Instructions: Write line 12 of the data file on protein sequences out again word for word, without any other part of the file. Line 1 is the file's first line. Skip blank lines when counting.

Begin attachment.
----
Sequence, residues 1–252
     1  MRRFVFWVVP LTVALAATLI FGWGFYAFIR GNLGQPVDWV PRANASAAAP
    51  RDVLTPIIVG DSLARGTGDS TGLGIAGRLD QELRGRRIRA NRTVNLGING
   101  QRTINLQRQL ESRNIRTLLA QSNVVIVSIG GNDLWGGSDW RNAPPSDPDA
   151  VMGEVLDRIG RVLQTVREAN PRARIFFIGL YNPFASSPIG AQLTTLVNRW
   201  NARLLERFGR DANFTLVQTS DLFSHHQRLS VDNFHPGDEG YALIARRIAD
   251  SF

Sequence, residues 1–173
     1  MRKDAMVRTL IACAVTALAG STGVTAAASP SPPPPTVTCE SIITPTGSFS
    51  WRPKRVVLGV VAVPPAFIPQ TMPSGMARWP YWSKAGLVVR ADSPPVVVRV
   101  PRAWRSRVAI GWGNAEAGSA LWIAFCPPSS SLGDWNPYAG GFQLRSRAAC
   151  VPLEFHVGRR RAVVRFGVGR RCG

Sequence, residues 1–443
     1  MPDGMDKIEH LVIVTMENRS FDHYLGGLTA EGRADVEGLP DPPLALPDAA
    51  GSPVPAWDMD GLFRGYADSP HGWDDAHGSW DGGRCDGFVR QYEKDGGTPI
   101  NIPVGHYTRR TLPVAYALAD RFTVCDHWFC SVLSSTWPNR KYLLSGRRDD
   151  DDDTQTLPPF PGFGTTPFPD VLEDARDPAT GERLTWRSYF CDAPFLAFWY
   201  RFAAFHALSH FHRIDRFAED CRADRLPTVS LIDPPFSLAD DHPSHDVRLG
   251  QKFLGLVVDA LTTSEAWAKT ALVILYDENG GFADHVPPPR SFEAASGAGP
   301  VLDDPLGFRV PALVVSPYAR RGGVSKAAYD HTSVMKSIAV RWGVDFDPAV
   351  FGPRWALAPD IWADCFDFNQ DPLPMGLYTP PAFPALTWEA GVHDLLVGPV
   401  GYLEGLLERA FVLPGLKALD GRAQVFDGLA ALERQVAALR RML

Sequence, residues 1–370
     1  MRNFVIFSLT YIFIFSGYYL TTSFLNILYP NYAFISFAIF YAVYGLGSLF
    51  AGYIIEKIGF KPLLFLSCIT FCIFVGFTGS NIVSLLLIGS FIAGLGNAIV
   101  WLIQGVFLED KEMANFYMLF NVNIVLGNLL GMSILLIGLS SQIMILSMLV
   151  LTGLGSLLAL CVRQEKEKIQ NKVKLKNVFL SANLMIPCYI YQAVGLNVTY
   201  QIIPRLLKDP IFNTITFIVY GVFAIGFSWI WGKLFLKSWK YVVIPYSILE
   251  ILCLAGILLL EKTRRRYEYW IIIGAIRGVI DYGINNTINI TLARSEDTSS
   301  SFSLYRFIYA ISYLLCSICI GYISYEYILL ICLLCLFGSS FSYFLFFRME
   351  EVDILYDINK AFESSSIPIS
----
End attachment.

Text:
   151  VPLEFHVGRR RAVVRFGVGR RCG